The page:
In this section, we will specifically look at some of the stories, songs, and poems told by Nigerian women in Hausa. Why look specifically at women’s stories, you may wonder? While both men and women have many stories, songs, and poems in Hausa—both written and oral—some of these are distinctly from women’s perspectives. In Northern Nigeria, there is a much greater separation of men and women in society than we are used to in the United States. Outside of family relations, men and women in general do not interact very frequently as adults. Of course, each person is different, and there are some settings such as in the professional world where more mingling of men and women takes place. But overall, women very much have their own social spaces of women and children only, which are often in the home. Sometimes this leads people to conclude that women would therefore be oppressed or subservient. However, even if women are not often interacting with men outside the home and may collectively have less power than men in some ways, they are certainly creative agents and have expressed their own experiences through stories, songs, and poems. Dr. Beverly Mack, who has studied gender and women’s literature in Nigeria for several decades, says: Muslim Hausa women’s poetry and song demonstrate that women’s status in Northern Nigeria is neither subservient, static, not stoic. Women are their own agents, their roles are flexible and negotiable, and they insist on lives that incorporate creative activity into the demands of their primary domestic roles.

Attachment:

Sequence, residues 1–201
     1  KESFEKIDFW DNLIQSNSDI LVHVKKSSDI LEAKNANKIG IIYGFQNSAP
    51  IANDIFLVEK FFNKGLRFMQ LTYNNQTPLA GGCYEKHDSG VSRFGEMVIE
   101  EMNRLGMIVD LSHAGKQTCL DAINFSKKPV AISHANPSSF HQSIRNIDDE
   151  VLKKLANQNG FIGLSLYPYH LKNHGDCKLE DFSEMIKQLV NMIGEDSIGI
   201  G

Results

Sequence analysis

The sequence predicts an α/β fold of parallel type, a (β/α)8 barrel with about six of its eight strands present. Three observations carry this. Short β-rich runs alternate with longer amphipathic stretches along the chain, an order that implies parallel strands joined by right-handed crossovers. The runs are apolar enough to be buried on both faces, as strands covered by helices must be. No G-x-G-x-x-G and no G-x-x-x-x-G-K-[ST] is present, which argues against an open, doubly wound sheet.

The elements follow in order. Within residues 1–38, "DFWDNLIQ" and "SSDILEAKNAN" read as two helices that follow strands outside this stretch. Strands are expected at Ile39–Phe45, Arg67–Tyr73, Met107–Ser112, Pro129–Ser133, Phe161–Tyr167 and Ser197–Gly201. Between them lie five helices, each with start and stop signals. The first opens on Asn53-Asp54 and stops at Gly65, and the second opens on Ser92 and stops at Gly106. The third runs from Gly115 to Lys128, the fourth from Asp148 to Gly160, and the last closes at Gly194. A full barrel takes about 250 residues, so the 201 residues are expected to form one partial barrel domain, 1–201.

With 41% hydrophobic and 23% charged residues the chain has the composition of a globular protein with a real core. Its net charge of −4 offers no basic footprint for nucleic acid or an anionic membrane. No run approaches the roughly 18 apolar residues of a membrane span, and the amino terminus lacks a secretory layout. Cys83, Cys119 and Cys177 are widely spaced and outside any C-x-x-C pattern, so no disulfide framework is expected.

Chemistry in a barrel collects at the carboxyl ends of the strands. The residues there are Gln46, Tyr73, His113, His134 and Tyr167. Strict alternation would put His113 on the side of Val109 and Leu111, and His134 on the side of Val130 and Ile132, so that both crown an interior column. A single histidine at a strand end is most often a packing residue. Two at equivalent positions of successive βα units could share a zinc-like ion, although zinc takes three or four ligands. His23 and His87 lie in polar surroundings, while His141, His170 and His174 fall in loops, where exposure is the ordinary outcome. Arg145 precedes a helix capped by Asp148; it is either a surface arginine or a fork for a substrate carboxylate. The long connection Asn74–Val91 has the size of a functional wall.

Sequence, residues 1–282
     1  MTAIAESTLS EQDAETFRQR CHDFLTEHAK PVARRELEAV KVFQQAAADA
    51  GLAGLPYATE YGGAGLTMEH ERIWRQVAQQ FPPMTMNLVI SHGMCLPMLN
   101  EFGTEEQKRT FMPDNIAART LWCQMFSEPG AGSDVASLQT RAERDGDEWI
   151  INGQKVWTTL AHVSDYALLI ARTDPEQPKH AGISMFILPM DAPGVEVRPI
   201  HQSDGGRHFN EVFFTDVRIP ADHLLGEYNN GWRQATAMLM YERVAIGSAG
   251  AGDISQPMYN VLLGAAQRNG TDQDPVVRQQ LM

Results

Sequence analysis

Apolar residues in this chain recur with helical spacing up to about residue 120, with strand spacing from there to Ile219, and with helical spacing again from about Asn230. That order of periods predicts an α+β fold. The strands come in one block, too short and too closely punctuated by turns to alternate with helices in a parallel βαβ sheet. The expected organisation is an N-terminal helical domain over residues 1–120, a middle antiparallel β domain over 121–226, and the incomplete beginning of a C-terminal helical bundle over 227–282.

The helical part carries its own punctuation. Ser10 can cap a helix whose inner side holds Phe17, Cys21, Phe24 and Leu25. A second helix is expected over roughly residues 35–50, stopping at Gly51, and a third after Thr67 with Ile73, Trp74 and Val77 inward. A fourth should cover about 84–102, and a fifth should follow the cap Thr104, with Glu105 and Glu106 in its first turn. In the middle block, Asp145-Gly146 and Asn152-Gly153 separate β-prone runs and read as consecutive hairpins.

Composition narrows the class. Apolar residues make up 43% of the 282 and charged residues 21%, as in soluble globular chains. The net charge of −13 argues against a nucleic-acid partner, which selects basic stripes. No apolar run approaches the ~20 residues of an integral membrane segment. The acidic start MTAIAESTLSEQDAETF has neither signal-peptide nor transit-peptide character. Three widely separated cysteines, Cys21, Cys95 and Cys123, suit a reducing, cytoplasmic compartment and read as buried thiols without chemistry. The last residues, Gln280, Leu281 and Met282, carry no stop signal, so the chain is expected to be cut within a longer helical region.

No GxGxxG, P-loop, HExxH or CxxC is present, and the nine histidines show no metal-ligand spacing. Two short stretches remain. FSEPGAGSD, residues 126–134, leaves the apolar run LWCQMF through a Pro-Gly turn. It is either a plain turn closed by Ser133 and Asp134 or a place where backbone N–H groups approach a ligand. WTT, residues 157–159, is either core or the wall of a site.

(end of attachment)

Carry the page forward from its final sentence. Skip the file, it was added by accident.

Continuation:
(Taken from page 3-4 of Muslim Women Sing: Hausa Popular Song (2004) by Beverly B. Mack. Bloomington: Indiana University Press.)

Women poets and song writers in Hausaland talk about politics, religion, daily life, death, birth, history, and many other subjects in their creative works. Let’s look at a portion of one Hausa song by Binta Katsina in 1980 that Beverly Mack has written down in English translation.

Song for the Women of Nigeria

God, our Lord, our Prophet, God’s messenger,
Help the women of Nigeria,
God, our Lord, our Prophet, God’s messenger,
Assist the women of Nigeria,
Women of Nigeria,
Women of Nigeria,
You will do every kind of work,
Women of Nigeria,
Women of Nigeria,
You should try to understand,
You could do every kind of work.
I’m giving you an office, women—you can do office work, 
Women of Nigeria, you will do every kind of work,
You should be given the chance to take charge,
You can do the office work,
You can do the administrative work,
You should be given the chance to take charge, to try, women of Nigeria…

(Taken from Pp. 157 of Muslim Women Sing by Beverly Mack. )

Here is a portion of a second song called Dare Allah Magani (Allah is the Light in the Darkness) by Barmani Choge. In it, she describes the feelings a woman has when her husband decides to take a second wife. Polygamy or a man having more than one wife is practiced by some Nigerians. This song by Choge is recorded in Hausa and English in the book Poetry, Prose and Popular Culture in Hausa by Graham Fourniss. Here is the English translation.